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Global Climate Change DigestArchives of the
Global Climate Change Digest

A Guide to Information on Greenhouse Gases and Ozone Depletion
Published July 1988 through June 1999

FROM VOLUME 5, NUMBER 3, MARCH 1992

PROFESSIONAL PUBLICATIONS...
TREND ANALYSIS


Item #d92mar27

"Surface-Level Ozone: Climate Change and Evidence for Trends," A.S. Lefohn (ASL Assoc., 111 N. Last Chance Gulch, Helena MT 59601), D.S. Shadwick et al., J. Air Waste Mgmt. Assoc., 42(2), 136-144, Feb. 1992.

Reviews surface measurements of this greenhouse gas to investigate baseline and regional increases from the mid-1800s to the present. The data suggest some increase in background levels, and that surface ozone in Europe may have risen over the past 10-25 years. However, the identification of trends is often a function of the period selected for analysis. It is important to expand worldwide monitoring at remote locations to provide an adequate data base for future analysis.


Item #d92mar28

"Monthly Summaries of Merchant Ship Surface Marine Observations and Implications for Climate Variability Studies," R. Michaud (Canadian Space Agency, Ottawa, Ont., Can.), C.A. Lin, Clim. Dynamics, 7(1), 45-55, Feb. 1992.

The interannual fluctuations of the surface heat budget of the North Atlantic were computed using the trimmed monthly summaries of the Comprehensive Ocean Atmosphere Data Set (COADS) for 1950-1979, and compared with computations using ocean weather stations. Long-period trends in the surface heat budget south of 40° N implied by COADS are not true climate trends, but result in part from a gradual increase in the magnitude of reported winds over the years.


Item #d92mar29

Special Issue: Clim. Dynamics, 6(3-4), Jan. 1992, contains 18 papers from the symposium Past and Present Climate Dynamics: Reconstruction of Rates of Change (Locarno, Switz.; Sep. 1990). As explained in an introductory editorial (pp. 123-125) by K. Kelts (Limnol. Res. Ctr., Univ. Minnesota, Minneapolis MN 55455), based on lessons from the past, participants concluded that climate and ecological systems can change abruptly; regional climates may have several possible stable configurations with sudden switches possible. The three papers listed here involve trend analysis.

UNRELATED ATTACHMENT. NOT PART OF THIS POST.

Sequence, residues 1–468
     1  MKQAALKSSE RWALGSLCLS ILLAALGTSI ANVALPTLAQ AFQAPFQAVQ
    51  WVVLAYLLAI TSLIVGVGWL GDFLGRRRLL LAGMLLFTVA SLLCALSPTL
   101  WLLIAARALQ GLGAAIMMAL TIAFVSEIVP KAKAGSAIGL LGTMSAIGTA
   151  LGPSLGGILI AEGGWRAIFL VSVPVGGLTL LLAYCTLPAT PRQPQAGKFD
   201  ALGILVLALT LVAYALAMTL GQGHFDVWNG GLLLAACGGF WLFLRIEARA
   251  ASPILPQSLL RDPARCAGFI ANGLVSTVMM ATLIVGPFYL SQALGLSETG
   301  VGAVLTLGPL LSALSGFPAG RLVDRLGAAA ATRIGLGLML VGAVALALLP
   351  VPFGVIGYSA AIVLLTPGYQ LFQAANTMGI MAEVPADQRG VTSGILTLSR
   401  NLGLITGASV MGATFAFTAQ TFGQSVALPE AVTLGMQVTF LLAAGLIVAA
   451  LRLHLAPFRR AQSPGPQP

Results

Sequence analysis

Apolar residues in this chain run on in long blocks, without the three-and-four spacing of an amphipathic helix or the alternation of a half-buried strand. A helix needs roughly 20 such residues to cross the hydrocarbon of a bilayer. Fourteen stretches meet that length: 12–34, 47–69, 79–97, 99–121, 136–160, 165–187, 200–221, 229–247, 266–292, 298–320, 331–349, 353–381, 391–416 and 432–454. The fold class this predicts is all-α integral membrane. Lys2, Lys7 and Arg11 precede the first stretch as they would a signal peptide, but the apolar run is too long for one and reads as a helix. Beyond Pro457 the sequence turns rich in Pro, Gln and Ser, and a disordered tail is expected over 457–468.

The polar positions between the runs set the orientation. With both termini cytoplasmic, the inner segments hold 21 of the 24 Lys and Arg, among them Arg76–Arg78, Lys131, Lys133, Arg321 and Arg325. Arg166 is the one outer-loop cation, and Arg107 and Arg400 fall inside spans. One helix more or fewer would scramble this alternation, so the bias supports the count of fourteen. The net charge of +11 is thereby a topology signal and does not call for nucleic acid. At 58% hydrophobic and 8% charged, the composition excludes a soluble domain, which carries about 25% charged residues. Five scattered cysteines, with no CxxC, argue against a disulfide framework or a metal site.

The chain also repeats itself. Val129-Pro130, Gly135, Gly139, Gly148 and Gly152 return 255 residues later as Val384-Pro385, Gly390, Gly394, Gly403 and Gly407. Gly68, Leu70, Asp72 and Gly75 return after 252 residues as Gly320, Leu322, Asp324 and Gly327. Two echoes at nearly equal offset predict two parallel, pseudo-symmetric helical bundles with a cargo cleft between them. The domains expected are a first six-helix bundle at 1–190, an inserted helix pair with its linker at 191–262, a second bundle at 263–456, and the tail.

"Window Technique for Climate Trend Analysis," T. Szentimrey (Hungarian Meteor. Serv., POB 38, H-1525 Budapest, Hungary), T. Faragó, S. Szalai, 127-134.

Presents a technique based on orthogonal functions for detecting anomalous subperiods in an observational data series that depend on the time period of observation used for a particular trend detection study. It emphasizes the detection of changes in the series rather than postulating a particular trend function. Illustrations are given using average annual temperature data for the Northern Hemisphere and for Hungary.

"Evidence for Recent Warming from Perturbed Geothermal Gradients: Examples from Eastern Canada," J.-C. Mareschal (Inst. Phys. du Globe, 4 pl. Jussieu, F-75252, Paris, France), 135-143.

Recent variations of the Earth surface temperature can be inferred from borehole temperature measurements. Tests performed with synthetic data show it is possible to reconstruct the long-term changes in ground temperature during the past 300 years. Data from eastern Canada show a warming of 1-2° C over the past 100-200 years. The relationship between air and ground temperatures is examined.

"Radioisotopic Evidence of Perturbations of Recent Sedimentary Record in Lakes: A Word of Caution for Climate Studies," J. Dominik (Inst. F.-A. Forel, Univ. Genève, 10 route de Suisse, CH-1290 Versoix, Switz.), J.-L. Loizeau, D. Span, 145-152.

The rate of climatic change estimated from the gradient of signals recorded in lake sediments may be erroneous if post-depositional perturbations, such as erosion or physical or biological mixing, are overlooked. Several examples are given.


Item #d92mar30

Two letters in Nature, 355(6360), Feb. 6, 1992:

"Antarctic Global Warming?" J. Splettstoesser (1 Jameson Point Rd., Rockland ME 04841), 503. The disappearance of a snow ramp between Stonington Island and the mainland relates to the question of the stability of the West Antarctic ice sheet.

"Greenhouse Indicators in Kenya," S. Hastenrath (Dept. Meteor., Univ. Wisconsin, Madison WI 53706), P.D. Kruss, 503-504. The recent drastic wastage of Mount Kenya's glaciers indicates that significant climatic change is occurring in East Africa.


Item #d92mar31

Two items from Geophys. Res. Lett., 18(12), Dec. 1991:

"Influence of Spatially Variable Instrument Networks on Climatic Averages," C.J. Willmott (Dept. Geog., Univ. Delaware, Newark DE 19716), S.M. Robeson, J.J. Feddema, 2249-2251.